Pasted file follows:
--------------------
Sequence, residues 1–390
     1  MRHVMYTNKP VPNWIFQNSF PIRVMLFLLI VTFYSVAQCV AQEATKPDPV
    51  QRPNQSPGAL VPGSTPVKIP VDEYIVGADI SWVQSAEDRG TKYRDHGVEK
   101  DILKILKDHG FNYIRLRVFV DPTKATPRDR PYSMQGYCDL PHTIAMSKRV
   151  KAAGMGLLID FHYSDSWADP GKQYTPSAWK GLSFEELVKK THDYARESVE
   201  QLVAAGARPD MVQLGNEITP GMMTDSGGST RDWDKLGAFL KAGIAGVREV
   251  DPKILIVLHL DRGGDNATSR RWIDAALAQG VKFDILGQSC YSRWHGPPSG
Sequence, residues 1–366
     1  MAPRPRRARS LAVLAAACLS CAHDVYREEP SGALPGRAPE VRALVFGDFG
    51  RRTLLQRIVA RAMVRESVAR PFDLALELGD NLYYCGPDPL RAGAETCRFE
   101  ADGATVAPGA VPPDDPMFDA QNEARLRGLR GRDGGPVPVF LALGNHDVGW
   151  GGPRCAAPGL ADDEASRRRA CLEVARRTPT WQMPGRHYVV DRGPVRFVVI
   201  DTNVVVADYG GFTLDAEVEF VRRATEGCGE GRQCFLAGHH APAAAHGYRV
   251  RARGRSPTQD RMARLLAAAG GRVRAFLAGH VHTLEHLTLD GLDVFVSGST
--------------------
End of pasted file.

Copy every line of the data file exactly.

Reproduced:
Sequence, residues 1–390
     1  MRHVMYTNKP VPNWIFQNSF PIRVMLFLLI VTFYSVAQCV AQEATKPDPV
    51  QRPNQSPGAL VPGSTPVKIP VDEYIVGADI SWVQSAEDRG TKYRDHGVEK
   101  DILKILKDHG FNYIRLRVFV DPTKATPRDR PYSMQGYCDL PHTIAMSKRV
   151  KAAGMGLLID FHYSDSWADP GKQYTPSAWK GLSFEELVKK THDYARESVE
   201  QLVAAGARPD MVQLGNEITP GMMTDSGGST RDWDKLGAFL KAGIAGVREV
   251  DPKILIVLHL DRGGDNATSR RWIDAALAQG VKFDILGQSC YSRWHGPPSG
Sequence, residues 1–366
     1  MAPRPRRARS LAVLAAACLS CAHDVYREEP SGALPGRAPE VRALVFGDFG
    51  RRTLLQRIVA RAMVRESVAR PFDLALELGD NLYYCGPDPL RAGAETCRFE
   101  ADGATVAPGA VPPDDPMFDA QNEARLRGLR GRDGGPVPVF LALGNHDVGW
   151  GGPRCAAPGL ADDEASRRRA CLEVARRTPT WQMPGRHYVV DRGPVRFVVI
   201  DTNVVVADYG GFTLDAEVEF VRRATEGCGE GRQCFLAGHH APAAAHGYRV
   251  RARGRSPTQD RMARLLAAAG GRVRAFLAGH VHTLEHLTLD GLDVFVSGST